Home | News    Monday 26 September 2005

Time may be running out for Uganda’s LRA warlord


Sept 25, 2005 (KAMPALA) — Somewhere in the rolling grasslands of southern Sudan, could time finally be running out for one of Africa’s most sinister guerrilla leaders?

Ugandan army soldiers display weapons captured from the Lords Resistance Army (LRA) in Kipwayi hills, some 50 miles inside Sudan near the border with Uganda on April 7, 2005. (AFP)

Joseph Kony has led Uganda’s Lord’s Resistance Army (LRA) rebels for almost two decades through a mixture of terror and mysticism, using shrewd tactics to evade capture.

However, with an international war crimes investigation poised to issue arrest warrants, and his deputy having fled to Congo according to the Ugandan army, the elusive guerrilla chief is under more pressure than ever.

Many Ugandans wonder how he has lasted so long.

Nineteen years of war have devastated the north and uprooted more than 1.6 million people, causing one of the world’s worst and most neglected humanitarian crises.

More than 20,000 children have been kidnapped by the rebels and forced to become fighters, porters and sex slaves.

Thousands more trudge into the north’s small towns every night rather than risk abduction by sleeping in their homes.


Kony appears to be the perfect target for the first war crimes trial by the International Criminal Court (ICC) in The Hague, if he can be captured.

After a year-long investigation, indictments for Kony and five of his top commanders have been passed to the court’s pre-trial chamber for approval, and diplomats say they expect arrest warrants to be issued soon.

That would mark Kony as one of the world’s most wanted men.

"Indictments would effectively end any chance he has to negotiate now, or move," said one Western diplomat. "No one wants to host an individual sought by the ICC."

Little is known about the political motives of the 44-year-old self-proclaimed prophet, who once served as an altar boy in his poor village in Uganda’s Gulu district.

A rare photo of him shows a tall man with long, braided hair wearing a "Born to be Wild" T-shirt. The only short video clip shows him in uniform carrying an automatic rifle, and ordering huts to be burnt in a Ugandan village.

Rescued children say Kony is a captivating speaker, prone to angry outbursts. He says he is possessed by the Holy Spirit.

Captives are indoctrinated with his blend of Christian, Muslim and traditional rites, and almost all are forced to kill, binding them to the group through guilt and fear.

From hideouts in southern Sudan’s wild Imatong Mountains, he sends these child soldiers back into Uganda to kill civilians, mutilate survivors and abduct more children.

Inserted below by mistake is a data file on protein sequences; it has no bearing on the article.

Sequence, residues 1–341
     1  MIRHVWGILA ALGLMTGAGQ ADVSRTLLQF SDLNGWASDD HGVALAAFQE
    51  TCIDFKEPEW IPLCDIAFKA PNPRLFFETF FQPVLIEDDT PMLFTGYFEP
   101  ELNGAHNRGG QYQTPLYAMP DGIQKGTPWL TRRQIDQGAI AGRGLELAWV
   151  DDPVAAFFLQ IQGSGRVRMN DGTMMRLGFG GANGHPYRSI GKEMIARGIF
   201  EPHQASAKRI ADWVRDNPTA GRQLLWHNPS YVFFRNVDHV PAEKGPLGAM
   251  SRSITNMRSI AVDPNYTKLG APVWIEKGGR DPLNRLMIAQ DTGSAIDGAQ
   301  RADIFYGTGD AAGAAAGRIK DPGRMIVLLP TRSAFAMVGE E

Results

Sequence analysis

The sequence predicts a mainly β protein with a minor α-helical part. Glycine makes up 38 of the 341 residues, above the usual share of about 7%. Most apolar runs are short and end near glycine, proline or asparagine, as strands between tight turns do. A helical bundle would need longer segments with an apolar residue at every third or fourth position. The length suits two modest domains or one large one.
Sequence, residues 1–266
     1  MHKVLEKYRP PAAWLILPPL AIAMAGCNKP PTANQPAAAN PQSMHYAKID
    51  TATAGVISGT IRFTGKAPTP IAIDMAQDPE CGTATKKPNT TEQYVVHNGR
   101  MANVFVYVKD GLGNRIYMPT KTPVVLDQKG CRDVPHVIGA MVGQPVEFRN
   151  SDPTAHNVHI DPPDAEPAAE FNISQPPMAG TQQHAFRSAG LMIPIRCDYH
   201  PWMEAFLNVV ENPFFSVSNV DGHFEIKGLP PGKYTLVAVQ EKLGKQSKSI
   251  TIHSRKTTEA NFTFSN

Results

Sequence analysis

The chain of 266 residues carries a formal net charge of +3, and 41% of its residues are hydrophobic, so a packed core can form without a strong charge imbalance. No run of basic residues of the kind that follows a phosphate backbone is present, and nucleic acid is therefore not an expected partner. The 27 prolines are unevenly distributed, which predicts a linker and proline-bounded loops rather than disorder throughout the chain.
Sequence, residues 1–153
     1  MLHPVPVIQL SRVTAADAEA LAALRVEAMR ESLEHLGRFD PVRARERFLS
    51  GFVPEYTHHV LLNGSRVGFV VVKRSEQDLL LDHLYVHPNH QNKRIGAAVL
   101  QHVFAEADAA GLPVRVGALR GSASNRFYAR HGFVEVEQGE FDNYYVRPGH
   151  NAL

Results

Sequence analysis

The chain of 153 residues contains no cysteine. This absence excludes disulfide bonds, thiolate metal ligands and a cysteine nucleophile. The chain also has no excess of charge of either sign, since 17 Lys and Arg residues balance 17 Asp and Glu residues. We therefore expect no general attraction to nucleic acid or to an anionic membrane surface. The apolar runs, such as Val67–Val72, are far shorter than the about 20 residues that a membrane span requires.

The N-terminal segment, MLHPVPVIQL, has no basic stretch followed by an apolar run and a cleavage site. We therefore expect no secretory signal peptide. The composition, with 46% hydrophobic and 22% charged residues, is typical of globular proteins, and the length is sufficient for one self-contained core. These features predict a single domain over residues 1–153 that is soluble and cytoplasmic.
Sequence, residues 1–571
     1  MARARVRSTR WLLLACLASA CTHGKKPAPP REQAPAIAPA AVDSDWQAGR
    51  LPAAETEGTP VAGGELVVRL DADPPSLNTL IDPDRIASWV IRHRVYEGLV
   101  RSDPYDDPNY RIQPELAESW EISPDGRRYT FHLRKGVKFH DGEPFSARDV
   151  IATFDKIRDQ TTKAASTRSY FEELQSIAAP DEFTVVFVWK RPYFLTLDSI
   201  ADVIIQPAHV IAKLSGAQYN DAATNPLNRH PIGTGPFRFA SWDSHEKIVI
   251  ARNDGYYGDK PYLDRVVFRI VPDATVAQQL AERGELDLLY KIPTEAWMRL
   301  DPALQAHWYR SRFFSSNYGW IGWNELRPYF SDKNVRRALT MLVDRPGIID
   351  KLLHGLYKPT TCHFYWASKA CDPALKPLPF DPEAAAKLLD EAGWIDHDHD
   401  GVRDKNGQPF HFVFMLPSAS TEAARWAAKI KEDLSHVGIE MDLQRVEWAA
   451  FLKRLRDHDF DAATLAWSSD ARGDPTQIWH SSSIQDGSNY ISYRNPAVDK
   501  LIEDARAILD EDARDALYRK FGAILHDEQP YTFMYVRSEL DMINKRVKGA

For the first time in more than a year, Ugandan Defence Minister Amama Mbabazi said this week he knew where Kony was.

Under a 2002 deal with Khartoum, Uganda’s army is allowed to hunt the LRA about 100 km (60 miles) into Sudan.

In July 2004, it said it had killed at least 120 people there when helicopter gunships destroyed his alleged headquarters in Biriniang.

Mbabazi said Kony was now camping in the bush outside Liria, a government-controlled garrison town southeast of Juba.

"He has become the responsibility of the government of Sudan," Mbabazi said.

However, senior Ugandan army officers remain sceptical about Khartoum’s commitment to bring Kony to justice, saying an ICC trial would reveal years of Sudanese support for the LRA.

Sudan says it opposes the rebels’ presence in the south, and on Saturday the semi-official Sudanese Media Centre said the government had asked Uganda’s President Yoweri Museveni to negotiate with the LRA.


Museveni is unlikely to feel under much pressure to talk to Kony, who looks to be at his most vulnerable for years.

Amid mounting Ugandan military pressure and the impending ICC action, Kony’s deputy Vincent Otti fled west to the Democratic Republic of Congo last week and sought asylum, according to the Ugandan army.

However, as in last year’s raid on Biriniang, when the military said he fled the battlefield leaving four wives, 13 children and his radio behind, Kony has survived tough times before.

Perhaps best placed to catch him are the former rebels of the Sudan People’s Liberation Army (SPLA), who now control most of the south following a January peace deal with Khartoum.

They want to crush the LRA but have been rocked by the death of their leader John Garang in a helicopter crash on July 30. They accuse elements in the Sudanese military of still supplying and protecting Kony.

In a report published this week, the U.S.-based Human Rights Watch quoted an SPLA commander saying four deliveries had been made to the LRA this year at two locations south of Juba.

Analysts say delays setting up a new southern Sudanese army after the landmark peace agreement have led to confusion on the ground and let Kony slip away on several occasions.


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